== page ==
Harnessing non-covalent interactions to exert control over regioselectivity and site-selectivity in catalytic reactions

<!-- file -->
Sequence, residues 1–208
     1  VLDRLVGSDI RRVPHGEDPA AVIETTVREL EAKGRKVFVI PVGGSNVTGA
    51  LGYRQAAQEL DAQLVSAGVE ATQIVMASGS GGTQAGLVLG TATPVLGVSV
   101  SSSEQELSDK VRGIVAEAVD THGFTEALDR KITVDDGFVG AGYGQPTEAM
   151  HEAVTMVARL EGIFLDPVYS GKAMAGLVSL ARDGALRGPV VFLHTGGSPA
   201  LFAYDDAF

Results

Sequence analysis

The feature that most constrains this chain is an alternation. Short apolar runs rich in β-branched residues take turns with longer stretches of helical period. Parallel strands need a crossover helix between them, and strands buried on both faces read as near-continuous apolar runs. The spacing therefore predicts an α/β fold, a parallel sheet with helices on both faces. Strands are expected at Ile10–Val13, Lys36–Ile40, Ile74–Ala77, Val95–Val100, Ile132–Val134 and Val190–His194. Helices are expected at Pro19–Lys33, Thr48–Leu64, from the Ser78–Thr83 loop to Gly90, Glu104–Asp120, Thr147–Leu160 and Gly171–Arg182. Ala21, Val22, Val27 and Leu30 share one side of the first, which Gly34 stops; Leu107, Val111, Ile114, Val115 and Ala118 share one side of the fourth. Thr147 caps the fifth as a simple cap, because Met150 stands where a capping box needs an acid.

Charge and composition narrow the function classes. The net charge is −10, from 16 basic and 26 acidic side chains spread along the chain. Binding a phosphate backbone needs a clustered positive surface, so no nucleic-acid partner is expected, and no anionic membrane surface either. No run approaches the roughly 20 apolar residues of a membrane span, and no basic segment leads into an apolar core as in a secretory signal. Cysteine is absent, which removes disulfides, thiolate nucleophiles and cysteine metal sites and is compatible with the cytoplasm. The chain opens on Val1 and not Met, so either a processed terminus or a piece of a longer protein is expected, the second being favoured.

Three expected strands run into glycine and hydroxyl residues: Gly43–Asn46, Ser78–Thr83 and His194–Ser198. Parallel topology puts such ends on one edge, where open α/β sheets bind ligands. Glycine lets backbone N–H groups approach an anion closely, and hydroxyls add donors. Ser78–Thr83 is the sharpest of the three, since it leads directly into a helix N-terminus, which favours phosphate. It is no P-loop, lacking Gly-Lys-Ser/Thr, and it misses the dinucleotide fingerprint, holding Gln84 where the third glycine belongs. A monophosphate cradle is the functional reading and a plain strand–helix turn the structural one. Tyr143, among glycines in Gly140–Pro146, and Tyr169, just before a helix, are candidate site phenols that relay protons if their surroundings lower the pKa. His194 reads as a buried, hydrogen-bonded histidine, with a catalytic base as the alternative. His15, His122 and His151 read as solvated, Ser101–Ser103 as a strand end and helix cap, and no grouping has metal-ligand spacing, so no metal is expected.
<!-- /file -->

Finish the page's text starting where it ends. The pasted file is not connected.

Asymmetric catalysis has been revolutionised by the realisation that attractive non-covalent interactions such as hydrogen bonds and ion pairs can act as powerful controllers of enantioselectivity when incorporated into appropriate small molecule chiral scaffolds. Given these tremendous advances it is surprising that there are still a relatively limited number of examples of non-covalent interactions being harnessed for control of regioselectivity or site-selectivity in catalysis, two other fundamental selectivity aspects facing the synthetic chemist. This perspective examines the progress that has been made in this area thus far using non-covalent interactions in conjunction with transition metal catalysis as well as in the context of purely organic catalysts. We hope this will highlight the great potential in this approach for designing selective catalytic reactions.